Spencer and Christy’s new UAHv6.0 gl TLT dataset is impressively and conspicuously corroborated by:
Figure 1. Original found here: https://tamino.wordpress.com/2015/12/11/ted-cruz-just-plain-wrong/
A good month ago, the perennially unsavoury character calling himself Tamino once again tried to hold up the spotty “global” network of radiosondes (weather balloons) as somehow a better gauge of the progression and trend of tropospheric temperature anomalies over the last 37 years than the satellites, by virtue of being essentially – as he would glibly put it – “thermometers in the sky”.
So his simple take on the glaring “drift” between current surface records and the satellites over the last 10-12 years is this: The surface records are right and the satellites are wrong. Why? Because the surface records agree with the radiosondes while the satellites don’t! The radiosondes implicitly – in his world – representing “Troposphere Truth”.
And so, when your starting premise goes like this: the radiosondes = thermometers in the sky = troposphere truth, then any “drift” observed between them and the satellites (as in Fig.1 above) will – by default – be interpreted by you as a problem with the latter.
To repeat Tamino’s fairly simplistic reasoning, then, in the form of some sort of logical-sounding argument: Surface and satellites don’t agree. Radiosondes and satellites don’t agree. But surface and radiosondes do agree. Which means the latter two are right, their agreement robustly verifying the ‘rightness’ of each. (And also, the radiosondes represent “Troposphere Truth”.) Which leaves the satellites out in the cold …
There is, however, a definite issue to be had with this line of argument.
It doesn’t hold up to scrutiny … Continue reading
Ten days ago, Nick Stokes wrote a post on his “moyhu” blog where he – in his regular, guileful manner – tries his best to distract from the pretty obvious fact (pointed out in this recent post of mine) that GISS poleward of ~55 degrees of latitude, most notably in the Arctic, basically use land data only, effectively rendering their “GISTEMP LOTI global mean” product a bogus record of actual global surface temps.
Among other things, he says:
“The SST products OI V2 and ERSST, used by GISS then and now, adopted the somewhat annoying custom of entering the SST under sea ice as -1.8°C. They did this right up to the North Pole. But the N Pole does not have a climate at a steady -1.8°C. GISS treats this -1.8 as NA data and uses alternative, land-based measure. It’s true that the extrapolation required can be over long distances. But there is a basis for it – using -1.8 for climate has none, and is clearly wrong.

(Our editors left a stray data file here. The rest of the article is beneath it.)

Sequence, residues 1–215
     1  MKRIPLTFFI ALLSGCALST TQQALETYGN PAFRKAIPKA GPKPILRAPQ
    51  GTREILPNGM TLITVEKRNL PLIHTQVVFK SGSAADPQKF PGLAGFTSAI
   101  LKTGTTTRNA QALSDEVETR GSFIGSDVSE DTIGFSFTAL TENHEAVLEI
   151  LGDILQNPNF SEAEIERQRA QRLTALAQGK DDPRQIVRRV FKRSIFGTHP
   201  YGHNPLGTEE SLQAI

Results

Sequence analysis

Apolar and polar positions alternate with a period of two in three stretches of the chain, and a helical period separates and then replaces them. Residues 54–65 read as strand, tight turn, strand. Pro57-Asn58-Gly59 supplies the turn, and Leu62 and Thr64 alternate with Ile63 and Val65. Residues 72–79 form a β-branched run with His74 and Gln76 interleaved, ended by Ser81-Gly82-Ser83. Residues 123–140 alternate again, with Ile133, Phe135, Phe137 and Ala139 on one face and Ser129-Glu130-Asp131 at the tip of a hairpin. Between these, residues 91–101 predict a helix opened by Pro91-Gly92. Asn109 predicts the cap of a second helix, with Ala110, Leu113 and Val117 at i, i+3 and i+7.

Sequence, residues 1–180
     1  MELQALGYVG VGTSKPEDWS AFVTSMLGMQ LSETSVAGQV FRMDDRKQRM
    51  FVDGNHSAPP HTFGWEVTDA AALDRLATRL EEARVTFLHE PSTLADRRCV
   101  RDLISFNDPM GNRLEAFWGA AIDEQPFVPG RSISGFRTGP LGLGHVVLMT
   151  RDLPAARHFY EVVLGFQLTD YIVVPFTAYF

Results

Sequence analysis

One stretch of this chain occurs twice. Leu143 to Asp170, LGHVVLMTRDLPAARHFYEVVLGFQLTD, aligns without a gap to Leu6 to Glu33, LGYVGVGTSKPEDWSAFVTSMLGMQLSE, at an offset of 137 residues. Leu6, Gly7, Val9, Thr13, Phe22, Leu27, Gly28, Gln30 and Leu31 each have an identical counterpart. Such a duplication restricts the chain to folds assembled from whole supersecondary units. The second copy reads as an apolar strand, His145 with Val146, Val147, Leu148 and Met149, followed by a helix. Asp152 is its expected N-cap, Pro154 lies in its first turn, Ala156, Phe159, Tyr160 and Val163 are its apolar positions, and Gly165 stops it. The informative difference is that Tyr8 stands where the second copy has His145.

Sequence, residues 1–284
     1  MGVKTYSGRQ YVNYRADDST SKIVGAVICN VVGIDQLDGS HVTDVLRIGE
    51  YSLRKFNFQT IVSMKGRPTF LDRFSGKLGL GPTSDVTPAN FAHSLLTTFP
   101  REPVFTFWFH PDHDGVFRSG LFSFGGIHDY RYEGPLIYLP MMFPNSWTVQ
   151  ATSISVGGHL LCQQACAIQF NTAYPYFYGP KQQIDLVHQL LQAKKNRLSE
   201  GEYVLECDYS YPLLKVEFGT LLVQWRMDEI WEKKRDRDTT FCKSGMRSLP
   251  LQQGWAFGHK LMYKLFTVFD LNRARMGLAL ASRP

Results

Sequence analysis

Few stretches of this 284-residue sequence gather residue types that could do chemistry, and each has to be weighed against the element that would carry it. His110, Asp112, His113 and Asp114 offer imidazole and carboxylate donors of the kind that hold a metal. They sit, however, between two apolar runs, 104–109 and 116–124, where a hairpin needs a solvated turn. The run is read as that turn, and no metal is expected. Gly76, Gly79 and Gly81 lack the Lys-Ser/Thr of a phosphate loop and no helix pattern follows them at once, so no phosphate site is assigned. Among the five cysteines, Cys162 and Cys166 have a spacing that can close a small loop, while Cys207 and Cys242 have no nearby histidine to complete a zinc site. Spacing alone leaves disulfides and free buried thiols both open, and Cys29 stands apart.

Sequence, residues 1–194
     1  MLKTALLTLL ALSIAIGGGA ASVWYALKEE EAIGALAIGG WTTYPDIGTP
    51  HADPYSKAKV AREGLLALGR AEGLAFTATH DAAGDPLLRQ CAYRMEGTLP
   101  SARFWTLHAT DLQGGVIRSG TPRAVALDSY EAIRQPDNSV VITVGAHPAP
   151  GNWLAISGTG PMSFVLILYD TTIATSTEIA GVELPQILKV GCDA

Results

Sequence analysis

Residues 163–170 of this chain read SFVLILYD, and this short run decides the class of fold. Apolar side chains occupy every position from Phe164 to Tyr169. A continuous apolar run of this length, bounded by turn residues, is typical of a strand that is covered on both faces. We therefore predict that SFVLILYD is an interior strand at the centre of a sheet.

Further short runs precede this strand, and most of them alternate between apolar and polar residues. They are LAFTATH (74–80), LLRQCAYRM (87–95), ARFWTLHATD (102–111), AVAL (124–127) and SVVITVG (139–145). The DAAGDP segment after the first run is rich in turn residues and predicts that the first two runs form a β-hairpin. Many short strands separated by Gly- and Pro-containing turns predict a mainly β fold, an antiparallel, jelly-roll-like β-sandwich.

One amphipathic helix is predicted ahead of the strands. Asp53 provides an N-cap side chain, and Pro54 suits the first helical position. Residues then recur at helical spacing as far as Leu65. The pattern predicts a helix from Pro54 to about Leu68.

So is GISS “deleting data”? Of course not. No-one actually measured -1.8°C there. It is the standard freezing point of sea water. I guess that is data in a way, but it isn’t SST data measured for the Arctic Sea.”
The -1.8°C averaging bit is actually a fair and interesting point in itself, but this is what Stokes does; he finds a peripheral detail somehow related to the actual argument being made and proceeds to misrepresent its significance in an attempt to divert people’s attention from the real issue at hand. The real issue in this case of course being GISS’s (bad) habit of smearing anomaly values from a small collection of land data points all across the vast polar cap regions, over wide tracts of land (where for the main part we don’t have any data), over expansive stretches of ocean (where we do have SST data readily available) AND over complex regions affected by sea ice (where we indeed do have data (SSTs, once again) when and where there isn’t any sea ice cover, but none whatsoever when there is), all the way down to 55-60 degrees of latitude. Continue reading
Happy New Year to everyone!
There is a very good reason why the trend and general progression of tropospheric temp anomalies since 2000, as rendered by the new UAH.v6 dataset, are most likely correct. (Read this post to understand why it was necessary for UAH to update their tlt product from its version 5.6 in the first place.)
The reason is that they both match to near perfection the trends and general progression of incoming and outgoing radiation flux anomalies, as rendered by the CERES EBAF ToA Ed2.8 dataset, over that same period. They’re all flat …:
Figure 1. Incoming radiant heat (ASR, “absorbed solar radiation”) (gold) vs. outgoing radiant heat (OLR, “outgoing longwave radiation”) (red) at the global ToA, from March 2000 to July 2015. Continue reading